“‘Tomorrow Sunny’: The Rise and Fall of Solar Heating in Canada, Part 4”

Henry Trim

In the final part of this series on solar energy we will examine the unhappy results of solar advocates’ overreliance on optimistic simulations and the difficulty of commercializing economically marginal technology. Tragically for development of renewable energy, neither solar technology nor the energy market developed as projected.

Generous federal funding combined with the installation of solar collectors on government buildings set off an immediate boom in solar in 1979. The Canadian solar industry was almost non-existent when the government announced the program a year before. New solar heating companies quickly appeared and the few existing worked feverishly to expand. Although funds often seemed to arrive too slowly for the needs of these fledgling companies and government analysts complained about problems with companies’ paperwork, the program generated the interest in solar and the rapid expansion it hoped for.[1] This expansion, however, came with problems the WATSUN computer model did not predict.

The most serious problems were with the many new companies. The industry simply could not consistently produce and install high quality solar heating systems. Government purchasers and other early adopters experienced a wide range of problems. Some collectors worked, but were poorly oriented and missed out on valuable sunshine. Other collectors quickly corroded and stopped producing heat. Installations also damaged roofs causing leaks and requiring expensive repairs. The Institute of Man and Resources on PEI, a group dedicated to developing renewable energy, found that nearly every collector it tested suffered from problems ranging from corrosion to high heat loss. Disappointed, the Institute concluded that thick insulation and double paned windows would do more to keep your house warm in winter than a solar heater until the industry worked out its problems.[2]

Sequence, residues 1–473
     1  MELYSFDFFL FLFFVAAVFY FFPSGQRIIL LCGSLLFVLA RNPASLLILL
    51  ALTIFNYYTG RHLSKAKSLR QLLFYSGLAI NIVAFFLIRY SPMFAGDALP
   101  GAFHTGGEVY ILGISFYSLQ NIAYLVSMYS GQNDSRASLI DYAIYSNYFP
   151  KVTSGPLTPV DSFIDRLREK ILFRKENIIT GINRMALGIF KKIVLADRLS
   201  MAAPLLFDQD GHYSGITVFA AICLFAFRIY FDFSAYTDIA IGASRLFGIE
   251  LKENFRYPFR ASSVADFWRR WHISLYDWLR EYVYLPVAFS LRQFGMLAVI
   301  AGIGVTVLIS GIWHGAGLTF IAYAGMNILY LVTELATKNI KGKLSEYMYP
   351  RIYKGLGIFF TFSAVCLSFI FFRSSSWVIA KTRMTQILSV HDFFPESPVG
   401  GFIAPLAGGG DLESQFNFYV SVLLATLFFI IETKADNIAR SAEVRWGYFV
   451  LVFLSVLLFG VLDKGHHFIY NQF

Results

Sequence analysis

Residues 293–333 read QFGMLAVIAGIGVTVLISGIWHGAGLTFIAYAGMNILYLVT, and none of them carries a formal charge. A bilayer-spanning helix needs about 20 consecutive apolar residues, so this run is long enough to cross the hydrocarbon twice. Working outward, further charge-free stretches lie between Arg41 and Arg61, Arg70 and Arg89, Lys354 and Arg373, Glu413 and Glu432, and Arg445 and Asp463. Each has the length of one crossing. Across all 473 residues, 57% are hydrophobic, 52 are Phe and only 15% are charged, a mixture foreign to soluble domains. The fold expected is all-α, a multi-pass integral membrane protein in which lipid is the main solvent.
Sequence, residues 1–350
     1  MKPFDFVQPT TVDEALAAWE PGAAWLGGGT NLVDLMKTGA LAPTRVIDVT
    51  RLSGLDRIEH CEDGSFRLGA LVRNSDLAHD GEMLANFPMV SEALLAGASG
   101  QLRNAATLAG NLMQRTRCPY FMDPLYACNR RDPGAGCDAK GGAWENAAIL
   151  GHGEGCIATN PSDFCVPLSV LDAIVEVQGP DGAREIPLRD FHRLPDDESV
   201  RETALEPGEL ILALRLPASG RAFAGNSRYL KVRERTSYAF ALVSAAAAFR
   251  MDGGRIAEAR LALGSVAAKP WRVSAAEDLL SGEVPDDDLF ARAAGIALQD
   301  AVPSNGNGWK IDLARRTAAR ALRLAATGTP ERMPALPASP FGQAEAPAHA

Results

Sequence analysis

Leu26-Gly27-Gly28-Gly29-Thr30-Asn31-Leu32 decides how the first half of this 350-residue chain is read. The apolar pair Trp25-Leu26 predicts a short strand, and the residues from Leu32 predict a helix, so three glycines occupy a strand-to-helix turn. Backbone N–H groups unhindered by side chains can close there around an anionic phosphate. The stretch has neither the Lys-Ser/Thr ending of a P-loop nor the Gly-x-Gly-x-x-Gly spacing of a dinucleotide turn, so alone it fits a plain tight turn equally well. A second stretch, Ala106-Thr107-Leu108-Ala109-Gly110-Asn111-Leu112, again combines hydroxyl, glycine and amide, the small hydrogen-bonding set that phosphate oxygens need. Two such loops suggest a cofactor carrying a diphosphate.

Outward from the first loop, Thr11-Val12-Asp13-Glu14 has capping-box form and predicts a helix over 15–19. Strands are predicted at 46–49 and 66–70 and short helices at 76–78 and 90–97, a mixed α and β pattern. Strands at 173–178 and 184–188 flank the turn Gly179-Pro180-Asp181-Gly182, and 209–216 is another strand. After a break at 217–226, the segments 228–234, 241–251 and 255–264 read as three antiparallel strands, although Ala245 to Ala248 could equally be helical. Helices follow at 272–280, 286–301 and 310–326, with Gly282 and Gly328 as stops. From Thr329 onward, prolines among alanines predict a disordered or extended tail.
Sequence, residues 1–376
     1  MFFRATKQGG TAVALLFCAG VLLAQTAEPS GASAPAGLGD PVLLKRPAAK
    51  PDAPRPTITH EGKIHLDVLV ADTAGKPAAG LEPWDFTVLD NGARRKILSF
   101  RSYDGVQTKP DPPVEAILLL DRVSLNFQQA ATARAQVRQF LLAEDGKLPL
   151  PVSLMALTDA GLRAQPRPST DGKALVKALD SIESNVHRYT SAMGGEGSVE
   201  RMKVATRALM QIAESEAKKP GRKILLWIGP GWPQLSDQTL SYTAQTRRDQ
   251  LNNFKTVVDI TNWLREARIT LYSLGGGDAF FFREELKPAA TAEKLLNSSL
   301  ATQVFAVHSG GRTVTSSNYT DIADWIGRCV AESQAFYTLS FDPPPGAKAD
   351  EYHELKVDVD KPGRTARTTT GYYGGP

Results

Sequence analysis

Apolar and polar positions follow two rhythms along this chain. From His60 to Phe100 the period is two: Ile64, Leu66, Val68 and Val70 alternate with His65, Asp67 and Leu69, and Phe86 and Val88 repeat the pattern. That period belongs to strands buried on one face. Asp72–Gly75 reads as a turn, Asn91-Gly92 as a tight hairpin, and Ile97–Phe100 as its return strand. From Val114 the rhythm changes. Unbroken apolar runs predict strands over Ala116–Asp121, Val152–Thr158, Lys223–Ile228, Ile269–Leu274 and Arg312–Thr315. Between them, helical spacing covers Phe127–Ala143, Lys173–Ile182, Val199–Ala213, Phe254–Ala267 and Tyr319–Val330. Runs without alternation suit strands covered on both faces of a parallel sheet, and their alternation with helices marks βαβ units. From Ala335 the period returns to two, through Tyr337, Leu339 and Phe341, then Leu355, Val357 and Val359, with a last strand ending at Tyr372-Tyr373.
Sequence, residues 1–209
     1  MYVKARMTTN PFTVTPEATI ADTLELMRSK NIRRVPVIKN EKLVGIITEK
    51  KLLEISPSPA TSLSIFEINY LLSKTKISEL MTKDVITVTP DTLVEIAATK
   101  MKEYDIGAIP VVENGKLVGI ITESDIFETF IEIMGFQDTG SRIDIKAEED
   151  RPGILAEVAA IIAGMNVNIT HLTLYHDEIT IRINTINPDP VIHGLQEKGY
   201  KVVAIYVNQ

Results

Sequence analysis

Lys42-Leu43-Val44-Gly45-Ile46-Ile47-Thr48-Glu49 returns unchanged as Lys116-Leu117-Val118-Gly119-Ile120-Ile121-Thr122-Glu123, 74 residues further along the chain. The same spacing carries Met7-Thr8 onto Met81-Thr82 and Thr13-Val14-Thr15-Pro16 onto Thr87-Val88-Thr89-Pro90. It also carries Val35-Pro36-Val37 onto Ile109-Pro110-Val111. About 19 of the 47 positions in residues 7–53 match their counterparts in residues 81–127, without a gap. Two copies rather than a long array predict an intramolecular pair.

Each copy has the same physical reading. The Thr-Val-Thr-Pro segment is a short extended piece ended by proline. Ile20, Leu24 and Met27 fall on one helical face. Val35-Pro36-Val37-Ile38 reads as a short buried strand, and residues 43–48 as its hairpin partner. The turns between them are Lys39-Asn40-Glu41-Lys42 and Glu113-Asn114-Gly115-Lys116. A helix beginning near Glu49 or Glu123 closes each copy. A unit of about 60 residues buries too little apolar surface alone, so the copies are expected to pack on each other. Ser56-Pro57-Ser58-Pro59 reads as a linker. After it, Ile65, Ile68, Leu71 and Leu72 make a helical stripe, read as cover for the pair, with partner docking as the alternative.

This experience was widespread in the first years of the solar program. Although disappointing, it should not surprise anyone who has installed new software only to have their computer crash repeatedly until an update patched the problem. New or experimental technologies take time to get up and running. In the case of solar heating, these problems were exacerbated by the rapid emergence of the industry. Canada had only the tiniest solar heating industry before federal funding created a boom at the end of the 1970s. Most of the companies were small start ups with little experience constructing solar heaters or installing them. As with any new industry, years of failure would be required for the competent companies to establish themselves, develop successful technologies, and force the new industry to improve.

Unfortunately, the Canadian solar industry did not have that time. Government funds began to reach the industry in 1979 and the first units were installed through government contracts. By 1982 the more competent firms began to emerge and the technology had begun to improve, but not at the rate projected by WATSUN. Slow progress caused serious concerns among the government department’s overseeing the solar programs. They had approved these programs based primarily on a set of projections about solar technology’s development, which meant that program results needed to come close the projected outcomes or they risked being perceived as failures.